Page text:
"The acquisition of Lexico is a transformative event for us," explained Robert S. Rosenschein, Chairman and CEO of Answers Corporation. "We are excited about applying our experience in monetization to significantly increase Lexico’s 2008 revenues and EBITDA. Lexico’s suite of popular brands, steady direct traffic and loyal users are valuable assets that we believe will reduce our products’ reliance on search engine-driven traffic. Post-transaction, we estimate that over 70% of our total traffic will now be direct from end users or people searching specifically for the term ‘dictionary’ in search engines. Our combined size and available ad inventory should provide greater exposure among online media buyers, which we expect will lead to increased advertising sales."

As I have mentioned in earlier posts, scale matters in the Internet space and becoming a Top 28 web property in the US (according to our combined 22.5m monthly unique visitors in June based on Comscore) will provide the company with an even better opportunity to monetize our reach.

If you are interested in learning more, here are a couple of other highlights from the press release:

Lexico is a leading online provider of reference products and services, which attracted approximately 11.5 million unique monthly users in the U.S. during the month of June 2007, according to comScore Media Metrix.

Lexico is a highly profitable company that strongly complements Answers’ user base. In 2006, it generated revenues of $7 million, EBITDA of $2.9 million and net income of $2.8 million. This strategic acquisition drives Answers to a leadership position in online information publishing.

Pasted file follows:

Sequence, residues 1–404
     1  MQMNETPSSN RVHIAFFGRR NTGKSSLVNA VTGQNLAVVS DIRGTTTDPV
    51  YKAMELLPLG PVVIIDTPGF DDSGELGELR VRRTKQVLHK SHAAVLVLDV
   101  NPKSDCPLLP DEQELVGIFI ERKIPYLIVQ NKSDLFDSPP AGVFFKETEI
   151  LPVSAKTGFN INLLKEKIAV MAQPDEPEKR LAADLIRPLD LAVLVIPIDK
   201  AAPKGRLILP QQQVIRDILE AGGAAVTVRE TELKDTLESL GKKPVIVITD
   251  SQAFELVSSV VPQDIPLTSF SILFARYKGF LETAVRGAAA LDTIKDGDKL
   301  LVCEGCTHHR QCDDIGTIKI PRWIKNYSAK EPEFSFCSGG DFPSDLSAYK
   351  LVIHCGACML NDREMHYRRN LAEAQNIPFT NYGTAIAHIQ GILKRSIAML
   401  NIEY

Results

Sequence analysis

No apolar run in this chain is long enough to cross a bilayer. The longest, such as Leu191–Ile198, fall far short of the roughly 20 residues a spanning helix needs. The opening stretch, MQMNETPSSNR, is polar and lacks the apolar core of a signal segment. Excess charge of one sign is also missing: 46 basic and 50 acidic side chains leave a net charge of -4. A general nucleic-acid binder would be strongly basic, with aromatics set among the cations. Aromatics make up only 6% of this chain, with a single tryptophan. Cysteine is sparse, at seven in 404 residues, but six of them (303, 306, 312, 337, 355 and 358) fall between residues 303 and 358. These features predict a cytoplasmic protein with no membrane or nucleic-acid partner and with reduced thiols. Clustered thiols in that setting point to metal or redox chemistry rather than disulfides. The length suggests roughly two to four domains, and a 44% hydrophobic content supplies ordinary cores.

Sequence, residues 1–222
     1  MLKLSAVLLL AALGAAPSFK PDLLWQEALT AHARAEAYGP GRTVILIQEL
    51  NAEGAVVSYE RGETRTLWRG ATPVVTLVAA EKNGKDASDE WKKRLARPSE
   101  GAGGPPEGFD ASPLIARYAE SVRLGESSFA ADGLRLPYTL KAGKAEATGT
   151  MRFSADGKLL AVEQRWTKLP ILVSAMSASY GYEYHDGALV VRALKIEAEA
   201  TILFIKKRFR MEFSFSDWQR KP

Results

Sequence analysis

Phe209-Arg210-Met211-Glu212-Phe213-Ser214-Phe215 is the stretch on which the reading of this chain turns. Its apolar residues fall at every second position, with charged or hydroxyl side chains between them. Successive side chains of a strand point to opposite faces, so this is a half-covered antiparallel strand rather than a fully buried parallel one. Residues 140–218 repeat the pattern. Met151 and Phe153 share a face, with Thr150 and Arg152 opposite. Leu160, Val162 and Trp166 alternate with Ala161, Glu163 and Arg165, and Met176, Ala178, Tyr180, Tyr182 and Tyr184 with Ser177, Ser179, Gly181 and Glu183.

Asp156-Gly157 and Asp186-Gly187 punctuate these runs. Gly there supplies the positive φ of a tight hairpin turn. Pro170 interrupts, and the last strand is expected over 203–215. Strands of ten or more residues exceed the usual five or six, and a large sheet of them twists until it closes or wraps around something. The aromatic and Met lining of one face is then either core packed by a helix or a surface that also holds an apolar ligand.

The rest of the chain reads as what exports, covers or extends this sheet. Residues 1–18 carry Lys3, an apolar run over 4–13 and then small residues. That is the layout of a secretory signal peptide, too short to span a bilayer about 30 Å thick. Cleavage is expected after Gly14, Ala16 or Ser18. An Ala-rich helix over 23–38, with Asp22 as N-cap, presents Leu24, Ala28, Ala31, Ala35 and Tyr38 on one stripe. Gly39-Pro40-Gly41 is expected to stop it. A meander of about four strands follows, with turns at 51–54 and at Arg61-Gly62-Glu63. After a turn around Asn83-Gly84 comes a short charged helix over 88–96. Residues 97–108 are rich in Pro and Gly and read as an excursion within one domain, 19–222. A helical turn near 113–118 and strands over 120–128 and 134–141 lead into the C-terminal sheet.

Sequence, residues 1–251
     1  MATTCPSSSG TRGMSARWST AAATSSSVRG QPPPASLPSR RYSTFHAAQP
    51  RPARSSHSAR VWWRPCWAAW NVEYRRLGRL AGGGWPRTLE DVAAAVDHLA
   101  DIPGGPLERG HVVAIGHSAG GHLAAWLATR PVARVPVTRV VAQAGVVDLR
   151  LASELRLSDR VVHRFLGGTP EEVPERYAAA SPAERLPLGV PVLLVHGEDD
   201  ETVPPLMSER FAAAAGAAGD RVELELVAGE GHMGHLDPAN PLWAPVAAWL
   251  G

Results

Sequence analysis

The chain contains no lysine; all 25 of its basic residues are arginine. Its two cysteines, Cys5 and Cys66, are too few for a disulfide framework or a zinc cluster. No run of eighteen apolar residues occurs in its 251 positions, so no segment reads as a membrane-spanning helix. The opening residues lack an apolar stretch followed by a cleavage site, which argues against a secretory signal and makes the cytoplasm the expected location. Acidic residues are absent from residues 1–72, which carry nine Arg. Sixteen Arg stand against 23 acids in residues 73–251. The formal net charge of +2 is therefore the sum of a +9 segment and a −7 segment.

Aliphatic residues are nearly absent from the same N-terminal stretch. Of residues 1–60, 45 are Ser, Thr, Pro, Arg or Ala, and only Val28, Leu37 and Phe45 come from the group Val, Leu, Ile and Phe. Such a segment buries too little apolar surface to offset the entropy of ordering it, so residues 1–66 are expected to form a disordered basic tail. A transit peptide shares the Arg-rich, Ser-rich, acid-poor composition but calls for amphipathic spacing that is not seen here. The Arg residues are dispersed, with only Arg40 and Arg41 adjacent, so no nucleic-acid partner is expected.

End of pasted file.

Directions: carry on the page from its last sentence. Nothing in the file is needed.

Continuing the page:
Key benefits of the acquisition include:

    – Page Views: Lexico’s Web properties currently generate approximately three times the total page views of Answers.com.

– Monetization: Lexico’s Web properties currently monetize at approximately one-third the rate of Answers.com, presenting material revenue upside.

– Direct Traffic: Over 85% of Lexico’s traffic is direct from end users or people searching specifically for the term "dictionary" in search engines. The resulting shift in traffic mix should significantly reduce Answers.com’s current reliance on search engine algorithms.

– Market Leadership: Based on the June 2007 comScore data, the addition of Lexico’s Web properties will increase Answers reach to over 22.5 million monthly unique users, which would rank #28 in the top U.S. properties.

Are all of the venture returns in B2B?